Posts Tagged With: Technology

If someone asks if you have any questions, ask a question

Let's revisit one of the most humiliating (and expensive) moments of my life. It happened a decade ago and even today I cringe and seethe when I think about it.

I was one of 25 finalists for a $20,000 scholarship in my junior year of college. The last step was an hour long interview with three faculty members. I wrote down a list of every single question I thought they would ask - why do you want this scholarship, why you, etc - and rehearsed answers, recording myself, for a week straight. The interview came and went and I thought I did pretty well!

Fast forward a week and I got an email that I was not going to be offered a scholarship. Only two other students out of 25 were rejected. I was dumbfounded. There was no way I should have failed this test. I started thinking back to the interview. Some answers stand out as opportunities to improve - I could still tell you exactly what they are. There's one answer that I really wish I could get back.

At the end of the interview they asked "do you have any questions for us?" By this point I'd done so much research into the scholarship that I couldn't think of anything, and said "No." The interview ended.

But think about it from their perspective. I'd just spent an hour talking about myself; what does it show when I refuse to ask any questions? Not only am I denying them an opportunity for them to talk, I appear very incurious about the program itself. They didn't know that I had been quizzing myself on every aspect of the program for a week. I should have asked about anything — literally anything — and given them a chance to talk.

The funny thing was I had actually asked some of the people who had gone through the interview what they had been asked about. "Ask a question at the end" was both so obvious to them - pretty much every successful candidate had done finance interviews, where cultural signals are more important; I hadn't - and so oblivious to me that it hadn't even come up to people who wanted to help me succeed.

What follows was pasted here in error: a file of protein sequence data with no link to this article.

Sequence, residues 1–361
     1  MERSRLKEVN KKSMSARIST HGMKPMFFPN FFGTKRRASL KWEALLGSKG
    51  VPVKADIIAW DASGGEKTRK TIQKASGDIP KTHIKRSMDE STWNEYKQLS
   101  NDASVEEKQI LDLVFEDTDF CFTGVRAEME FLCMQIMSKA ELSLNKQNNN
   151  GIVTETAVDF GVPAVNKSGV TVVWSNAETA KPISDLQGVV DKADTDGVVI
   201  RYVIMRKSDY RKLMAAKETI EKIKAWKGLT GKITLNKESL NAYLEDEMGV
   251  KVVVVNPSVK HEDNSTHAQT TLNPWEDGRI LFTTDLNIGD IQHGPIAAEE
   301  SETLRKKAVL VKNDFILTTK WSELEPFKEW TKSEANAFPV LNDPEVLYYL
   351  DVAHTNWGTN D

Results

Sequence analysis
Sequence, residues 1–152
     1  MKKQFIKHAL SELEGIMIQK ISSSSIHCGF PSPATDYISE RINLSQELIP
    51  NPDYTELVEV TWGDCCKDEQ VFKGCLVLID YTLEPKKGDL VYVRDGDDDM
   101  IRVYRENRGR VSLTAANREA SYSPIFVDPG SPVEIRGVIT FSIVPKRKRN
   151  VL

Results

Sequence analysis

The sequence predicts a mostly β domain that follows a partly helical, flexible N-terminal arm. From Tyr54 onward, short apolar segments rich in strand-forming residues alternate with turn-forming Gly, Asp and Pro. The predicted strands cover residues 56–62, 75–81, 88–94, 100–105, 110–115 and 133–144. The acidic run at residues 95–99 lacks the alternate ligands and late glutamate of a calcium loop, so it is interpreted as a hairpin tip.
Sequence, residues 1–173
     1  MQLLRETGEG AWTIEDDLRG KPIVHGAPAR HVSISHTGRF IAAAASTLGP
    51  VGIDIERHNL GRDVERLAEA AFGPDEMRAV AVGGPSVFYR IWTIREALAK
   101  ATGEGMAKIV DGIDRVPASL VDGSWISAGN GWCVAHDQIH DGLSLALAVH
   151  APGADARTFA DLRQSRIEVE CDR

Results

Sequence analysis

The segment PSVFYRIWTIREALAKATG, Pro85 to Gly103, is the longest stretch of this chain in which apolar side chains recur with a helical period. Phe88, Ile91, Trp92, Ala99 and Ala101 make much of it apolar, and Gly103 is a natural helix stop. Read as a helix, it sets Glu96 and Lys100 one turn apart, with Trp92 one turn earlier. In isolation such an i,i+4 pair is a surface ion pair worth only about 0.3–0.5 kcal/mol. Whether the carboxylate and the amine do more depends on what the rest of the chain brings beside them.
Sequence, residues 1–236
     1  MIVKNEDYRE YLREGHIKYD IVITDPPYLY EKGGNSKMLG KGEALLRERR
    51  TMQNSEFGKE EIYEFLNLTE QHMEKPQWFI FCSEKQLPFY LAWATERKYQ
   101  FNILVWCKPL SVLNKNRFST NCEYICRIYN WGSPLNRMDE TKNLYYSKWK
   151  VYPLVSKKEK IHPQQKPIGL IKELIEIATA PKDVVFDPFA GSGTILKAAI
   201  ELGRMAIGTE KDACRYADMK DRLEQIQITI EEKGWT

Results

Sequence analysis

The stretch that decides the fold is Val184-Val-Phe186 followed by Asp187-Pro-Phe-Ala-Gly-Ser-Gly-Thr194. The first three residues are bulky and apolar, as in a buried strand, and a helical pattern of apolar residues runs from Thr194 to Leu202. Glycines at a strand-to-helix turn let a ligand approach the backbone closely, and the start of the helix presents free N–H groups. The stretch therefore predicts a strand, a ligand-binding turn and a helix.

From that point on I made a point to always ask a question when someone asks if I have any questions. Ask anything. Even asking "what did you have for lunch" is better than asking nothing; the interviewer might start talking about whether the company pays for lunch, whether it's any good. My standby question is "what did you do yesterday" - it has a unique answer for each interviewer and reveals how people spend their time (vs. how they say they spend their time).

Finally, "person fails interview because interviewer expects to see cultural signal and interviewee does not broadcast cultural signal" is a common failure mode. Think about someone who wears a suit to a tech interview. Some organizations only want to hire people who can utter the secret words, and that's their choice.

But if your goal is to cast a wide net - I am looking at you, tech companies that put up billboards championing your commitment to diversity - and you have a candidate without a traditional background, maybe make a list of every reason you've used to reject a nontraditional candidate in the past and then email that to the candidate in advance of the interview - "wear a dress shirt and jeans," for example.1 You won't get everything, but it's a good start. (You can try to get your interviewers to discard the cultural signals but that's difficult and it might show up in their feedback without them realizing it.) Note that career services departments at good schools are already doing this for their students; what you are doing is leveling the playing field.

1 This is not a new critique by any means, people have made it about the SAT for some time - if the tests quiz applicants on vocabulary and grammar that are more commonly used in white households than nonwhite households, than identical students with identical aptitudes will score differently, which seems unfair.

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Your company needs a URL shortener

tl;dr Every company needs an internal URL shortener. Your new employees will thank you later.

You just started your new job, and you've got a million things to learn about, but never enough time to do them all. You want to sign up for a massage to take some of the stress off. But where do you sign up for massages? You can bug a coworker for the URL but they're busy too, and you're already bugging them 20 times a day about more important stuff. Alternately, you could search through the poorly documented company wiki. The page you find is probably out of date, but no one will tell you that the massage page moved 6 months ago.